Judy Dobles, General Management Consulting YOUR TOUGHEST BUSINESS CHALLENGES SOLVED.

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  • No Whining Allowed

    A very dear colleague, David Pollock, gave me a wooden sign for my desk that said, “No Whining”. It became a great conversation starter for individuals that walked into my office. The purpose of the sign was to encourage folks to think about what and how they described issues they were facing before they began the discussion.

    It is very easy and sometimes cathartic to whine or whinge about problems or people. However, it is never productive. As a supervisor hearing people whine, it sends the message that you do not know how to solve a problem on your own. In essence you are dumping the problem into the lap of your supervisor.

    The key coaching points of my “no whining” philosophy are:
    [1] Be able to succinctly describe the situation or problem in one or two sentences.
    [2] Briefly describe the impact if not remedied. This helps prioritize the agreed upon next steps.
    [3] Talk about alternative approaches. At this stage you are not presenting a formal path forward or asking for a decision to be made, so keep it simple and at a high-level.
    [4] Describe what actions you personally need to take.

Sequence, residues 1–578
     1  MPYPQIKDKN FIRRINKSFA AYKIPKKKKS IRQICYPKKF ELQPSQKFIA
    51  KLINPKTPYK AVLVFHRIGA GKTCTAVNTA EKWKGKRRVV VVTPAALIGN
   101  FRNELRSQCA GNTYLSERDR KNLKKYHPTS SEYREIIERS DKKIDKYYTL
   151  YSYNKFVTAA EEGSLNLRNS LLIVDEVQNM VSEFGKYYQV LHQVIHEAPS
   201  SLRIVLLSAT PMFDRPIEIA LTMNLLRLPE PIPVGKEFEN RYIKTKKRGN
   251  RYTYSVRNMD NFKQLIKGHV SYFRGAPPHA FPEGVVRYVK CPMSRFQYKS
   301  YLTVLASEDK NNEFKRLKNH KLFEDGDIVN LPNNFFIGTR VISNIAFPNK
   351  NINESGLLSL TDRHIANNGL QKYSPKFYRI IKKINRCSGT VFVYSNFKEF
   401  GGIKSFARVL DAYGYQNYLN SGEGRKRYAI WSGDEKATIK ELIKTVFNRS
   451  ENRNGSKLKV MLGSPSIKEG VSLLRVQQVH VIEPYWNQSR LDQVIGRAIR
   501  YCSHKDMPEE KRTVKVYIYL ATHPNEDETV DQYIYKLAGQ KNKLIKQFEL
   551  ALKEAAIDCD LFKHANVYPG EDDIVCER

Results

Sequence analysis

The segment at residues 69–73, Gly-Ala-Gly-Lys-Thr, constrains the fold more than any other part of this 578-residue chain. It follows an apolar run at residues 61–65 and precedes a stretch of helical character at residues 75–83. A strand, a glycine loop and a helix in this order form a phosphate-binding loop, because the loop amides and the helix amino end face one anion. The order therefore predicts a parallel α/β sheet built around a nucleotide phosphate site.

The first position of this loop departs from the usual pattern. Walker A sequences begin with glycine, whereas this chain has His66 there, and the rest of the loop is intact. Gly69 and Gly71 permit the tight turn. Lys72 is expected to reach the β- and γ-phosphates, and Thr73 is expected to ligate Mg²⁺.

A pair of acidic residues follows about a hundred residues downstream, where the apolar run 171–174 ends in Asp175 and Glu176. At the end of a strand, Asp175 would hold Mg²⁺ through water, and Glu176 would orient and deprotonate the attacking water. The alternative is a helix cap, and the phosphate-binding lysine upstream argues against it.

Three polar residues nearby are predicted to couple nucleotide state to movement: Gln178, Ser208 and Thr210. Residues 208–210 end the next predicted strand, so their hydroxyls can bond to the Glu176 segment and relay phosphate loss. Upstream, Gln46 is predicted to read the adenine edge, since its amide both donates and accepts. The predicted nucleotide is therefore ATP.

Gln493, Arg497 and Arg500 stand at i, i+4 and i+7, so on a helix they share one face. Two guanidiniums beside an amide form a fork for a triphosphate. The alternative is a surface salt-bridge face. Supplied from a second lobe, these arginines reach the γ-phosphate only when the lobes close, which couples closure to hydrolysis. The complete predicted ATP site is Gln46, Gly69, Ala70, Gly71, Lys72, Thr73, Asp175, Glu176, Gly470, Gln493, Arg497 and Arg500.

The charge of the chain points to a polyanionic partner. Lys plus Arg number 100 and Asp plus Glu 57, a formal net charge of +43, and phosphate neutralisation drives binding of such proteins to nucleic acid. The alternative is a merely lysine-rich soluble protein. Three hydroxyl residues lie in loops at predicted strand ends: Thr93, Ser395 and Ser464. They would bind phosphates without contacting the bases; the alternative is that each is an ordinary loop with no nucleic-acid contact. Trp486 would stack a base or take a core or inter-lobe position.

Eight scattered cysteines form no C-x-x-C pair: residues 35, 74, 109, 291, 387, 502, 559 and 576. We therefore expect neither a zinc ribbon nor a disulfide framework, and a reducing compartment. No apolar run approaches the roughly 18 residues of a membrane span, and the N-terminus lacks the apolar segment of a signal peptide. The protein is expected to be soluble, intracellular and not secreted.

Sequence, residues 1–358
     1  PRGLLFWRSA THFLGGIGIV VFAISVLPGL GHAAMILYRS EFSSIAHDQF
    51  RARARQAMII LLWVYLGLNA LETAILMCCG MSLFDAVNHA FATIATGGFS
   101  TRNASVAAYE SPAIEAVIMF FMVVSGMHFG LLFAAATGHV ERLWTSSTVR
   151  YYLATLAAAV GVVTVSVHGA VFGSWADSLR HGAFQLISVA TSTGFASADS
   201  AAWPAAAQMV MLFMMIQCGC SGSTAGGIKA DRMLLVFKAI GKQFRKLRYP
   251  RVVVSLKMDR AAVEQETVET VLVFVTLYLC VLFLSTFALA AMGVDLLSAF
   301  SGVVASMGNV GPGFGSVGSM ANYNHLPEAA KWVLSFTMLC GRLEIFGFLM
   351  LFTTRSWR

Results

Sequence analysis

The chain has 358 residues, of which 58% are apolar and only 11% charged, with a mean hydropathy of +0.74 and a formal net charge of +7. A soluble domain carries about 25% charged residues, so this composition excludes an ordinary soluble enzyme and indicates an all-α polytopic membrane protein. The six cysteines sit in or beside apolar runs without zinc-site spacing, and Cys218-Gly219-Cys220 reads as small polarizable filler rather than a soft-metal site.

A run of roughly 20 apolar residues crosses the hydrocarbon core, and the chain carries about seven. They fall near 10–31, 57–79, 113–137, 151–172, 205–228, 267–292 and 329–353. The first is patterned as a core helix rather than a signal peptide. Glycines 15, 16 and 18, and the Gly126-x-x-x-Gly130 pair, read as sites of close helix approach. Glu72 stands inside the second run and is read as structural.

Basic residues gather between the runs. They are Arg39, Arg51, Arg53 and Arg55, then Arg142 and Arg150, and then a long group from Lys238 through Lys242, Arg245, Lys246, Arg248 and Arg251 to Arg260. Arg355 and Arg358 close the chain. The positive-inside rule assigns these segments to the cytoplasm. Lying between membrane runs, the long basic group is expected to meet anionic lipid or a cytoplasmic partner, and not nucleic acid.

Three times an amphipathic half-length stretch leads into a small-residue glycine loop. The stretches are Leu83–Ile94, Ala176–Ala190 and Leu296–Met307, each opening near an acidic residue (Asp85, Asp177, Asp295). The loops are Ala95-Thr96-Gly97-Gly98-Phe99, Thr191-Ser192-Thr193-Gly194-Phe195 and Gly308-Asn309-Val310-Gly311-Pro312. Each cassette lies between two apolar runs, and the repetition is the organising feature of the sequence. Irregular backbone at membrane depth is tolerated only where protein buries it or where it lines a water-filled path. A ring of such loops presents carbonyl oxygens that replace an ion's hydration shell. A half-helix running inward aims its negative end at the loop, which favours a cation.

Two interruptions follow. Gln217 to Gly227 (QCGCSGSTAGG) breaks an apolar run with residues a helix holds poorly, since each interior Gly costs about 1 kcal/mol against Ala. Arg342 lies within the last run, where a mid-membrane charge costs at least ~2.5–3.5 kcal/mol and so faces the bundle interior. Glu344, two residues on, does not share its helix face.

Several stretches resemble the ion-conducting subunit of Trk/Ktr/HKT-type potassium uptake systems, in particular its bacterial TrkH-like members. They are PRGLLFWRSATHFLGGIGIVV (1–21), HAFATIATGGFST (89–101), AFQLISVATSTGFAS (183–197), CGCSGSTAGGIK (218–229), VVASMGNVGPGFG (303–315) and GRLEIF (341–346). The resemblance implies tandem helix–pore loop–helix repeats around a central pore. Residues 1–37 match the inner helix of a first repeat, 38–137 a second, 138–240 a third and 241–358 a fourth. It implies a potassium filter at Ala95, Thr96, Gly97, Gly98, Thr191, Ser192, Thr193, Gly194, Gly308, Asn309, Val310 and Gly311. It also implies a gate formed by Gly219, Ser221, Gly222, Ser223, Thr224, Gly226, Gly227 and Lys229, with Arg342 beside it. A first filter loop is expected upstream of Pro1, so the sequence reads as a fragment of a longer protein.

[5] Describe what actions you want your supervisor or another individual to take.
    [6] Discuss other groups or individuals that should be informed about the situation.
    [7] Anticipate questions that your supervisor may have. Either have the answer or acknowledge that additional information may be required.
    [8] Jointly agree on a path forward.

    Overall the message is, “Be prepared and keep it simple”. I told people that roughly every 10th time a problem was brought to me, they were allowed to whine. However, the rule was, they needed to tell me before the discussion started. I would listen but we would not spend time on figuring out to do. This allows an individual to vent in a safe environment, since we all need that once in a while.

    As an individual, you have to understand that your supervisor has a bias for action. As a result, listening to whining can be dangerous, because your supervisor may take action relative to a problem that was not well thought out. No one wants to find themselves tilting at windmills, like Cervantes’ Don Quixote. It destroys your credibility and that of your supervisor.

    Supervisors want and need to hear about potential problems in the workplace.  Before bringing one forward, take a few minutes to gather your thoughts relative to points one through seven above.  Your supervisor will appreciate your organizational discipline and the problem will be addressed effectively.

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